Tuesday, December 8, 2015


For those who do not know, eras ago, countless trading Arabs holidaying at Kerala stayed back, marrying native women. The food this community cooks is what is known these days as Moplah cuisine. Moplah is derived from the Tamil word ‘maappillai’ or new groom.
The food festival at Fire at The Park Hotel Celebrates these flavours of Calicut with Chef Begum Abida Rasheed, and I would definitely recommend taking out time to enjoy this spread of Moplah delicacies flavoured with Kerala spices, braised by Calicut’s cooking guru herself (she also has a rocking textile business by the way) and I say this after sampling a taster’s portion of many mouth-watering dishes.
We enjoyed the lively company of our host, the Begum and Executive Chef Abhishek Basu who churned out a feast of homely Malabari food, sprinkled with sprightly conversation and anecdotes. “We never use anything non-natural to augment the flavour of our dishes, but allow the regular flavours of the elements to come out”, says superstar Moplah chef Begum Abida Rasheed, who had once held a live breakfast show encompassing seventy two Malabari items. Fondly known as the envoy of Moplah cuisine, she always voyages with her cooking containers such as the uruli (brass cooking pot) and cheena chetty (frying pan) when she curates food festivals.
While Abida fills us in on the intricacies of Moplah cuisine, our food arrives. We sampled her mutton biryani, Mutton Ishtu, chakara choru, delicious snacks and the softest puttu with kadala curry. The Malabari biryani, especially in Thalassery, is subtler and not heavily flavoured like its North Indian counterpart.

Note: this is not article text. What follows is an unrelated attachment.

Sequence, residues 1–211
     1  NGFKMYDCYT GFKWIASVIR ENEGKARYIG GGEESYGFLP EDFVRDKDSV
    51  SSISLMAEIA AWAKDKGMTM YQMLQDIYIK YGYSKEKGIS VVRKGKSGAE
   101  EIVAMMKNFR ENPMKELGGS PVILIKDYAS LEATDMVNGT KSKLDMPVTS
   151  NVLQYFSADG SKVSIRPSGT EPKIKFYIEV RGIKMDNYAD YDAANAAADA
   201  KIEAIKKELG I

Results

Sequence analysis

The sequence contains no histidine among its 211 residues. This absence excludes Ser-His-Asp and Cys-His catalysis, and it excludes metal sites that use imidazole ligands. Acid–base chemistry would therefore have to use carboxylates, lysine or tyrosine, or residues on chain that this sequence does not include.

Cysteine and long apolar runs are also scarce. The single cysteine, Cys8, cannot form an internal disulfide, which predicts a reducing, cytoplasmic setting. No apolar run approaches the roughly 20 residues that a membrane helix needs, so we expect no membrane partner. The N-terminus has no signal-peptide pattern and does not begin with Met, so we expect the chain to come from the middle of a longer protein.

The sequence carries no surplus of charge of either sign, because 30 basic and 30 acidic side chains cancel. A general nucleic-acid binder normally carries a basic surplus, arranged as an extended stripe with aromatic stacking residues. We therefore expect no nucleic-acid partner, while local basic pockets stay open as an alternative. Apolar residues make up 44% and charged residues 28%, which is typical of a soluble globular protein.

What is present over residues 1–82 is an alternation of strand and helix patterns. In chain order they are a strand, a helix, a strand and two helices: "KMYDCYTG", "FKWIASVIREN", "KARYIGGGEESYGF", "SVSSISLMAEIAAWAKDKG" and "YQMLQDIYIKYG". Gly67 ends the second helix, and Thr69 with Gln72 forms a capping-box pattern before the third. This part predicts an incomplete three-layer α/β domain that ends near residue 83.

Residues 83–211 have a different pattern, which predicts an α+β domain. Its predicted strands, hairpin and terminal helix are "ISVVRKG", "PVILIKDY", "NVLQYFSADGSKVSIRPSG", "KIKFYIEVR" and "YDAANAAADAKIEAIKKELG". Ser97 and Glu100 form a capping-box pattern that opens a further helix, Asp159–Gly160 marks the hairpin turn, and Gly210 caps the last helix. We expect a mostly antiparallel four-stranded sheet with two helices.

Our lively table- Chef Bakshish Dean, Sourish Bhattacharya, Nafisa, Chef Abhishek Basu, Myself & the Begum
‘In our biryanis, we only use small-grained Bengal rice, usually from a windswept valley and infused with an aroma’, shares Nafisa Rasheed (Abida’s youngest daughter (22)), a communication graduate, is set to make her mark in this domain. The mutton chops in the mutton biryani are cooked in ghee and marinated just the accurate amount. With an almost milky consistency, the lamb curry is a great accessory to the tenderised chunks of lamb. The menu also includes what Abida trusts to be the only known non-vegetarian dessert. “Aleesa is a porridge mixed with wheat, coconut milk, fried onion, ghee, meat, served with sugar”, she explains, while the desserts make their way to our table. There’s a lot we haven’t tasted.  But then again, after this food trail, we were so full, that we actually skipped dinner. 


This festival showcases handpicked dishes of Chef Begum Abida Rasheed. So head to FIRE, The Park New Delhi for a rich and royal Malabar Feast -4TH  – 13th December, Dinners only.